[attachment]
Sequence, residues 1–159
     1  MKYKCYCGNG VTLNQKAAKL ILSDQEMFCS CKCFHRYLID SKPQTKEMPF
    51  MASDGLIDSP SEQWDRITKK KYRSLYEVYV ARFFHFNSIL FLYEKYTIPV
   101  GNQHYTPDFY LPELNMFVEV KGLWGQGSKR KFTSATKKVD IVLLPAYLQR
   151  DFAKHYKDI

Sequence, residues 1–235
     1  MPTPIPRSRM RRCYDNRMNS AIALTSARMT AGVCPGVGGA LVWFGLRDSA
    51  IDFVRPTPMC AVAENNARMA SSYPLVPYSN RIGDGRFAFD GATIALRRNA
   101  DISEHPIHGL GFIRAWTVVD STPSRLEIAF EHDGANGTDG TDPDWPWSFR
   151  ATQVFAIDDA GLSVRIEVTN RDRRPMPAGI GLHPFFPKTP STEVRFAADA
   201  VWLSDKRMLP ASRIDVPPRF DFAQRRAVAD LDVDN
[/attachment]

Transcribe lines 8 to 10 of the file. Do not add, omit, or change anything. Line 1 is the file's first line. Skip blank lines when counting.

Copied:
    51  IDFVRPTPMC AVAENNARMA SSYPLVPYSN RIGDGRFAFD GATIALRRNA
   101  DISEHPIHGL GFIRAWTVVD STPSRLEIAF EHDGANGTDG TDPDWPWSFR
   151  ATQVFAIDDA GLSVRIEVTN RDRRPMPAGI GLHPFFPKTP STEVRFAADA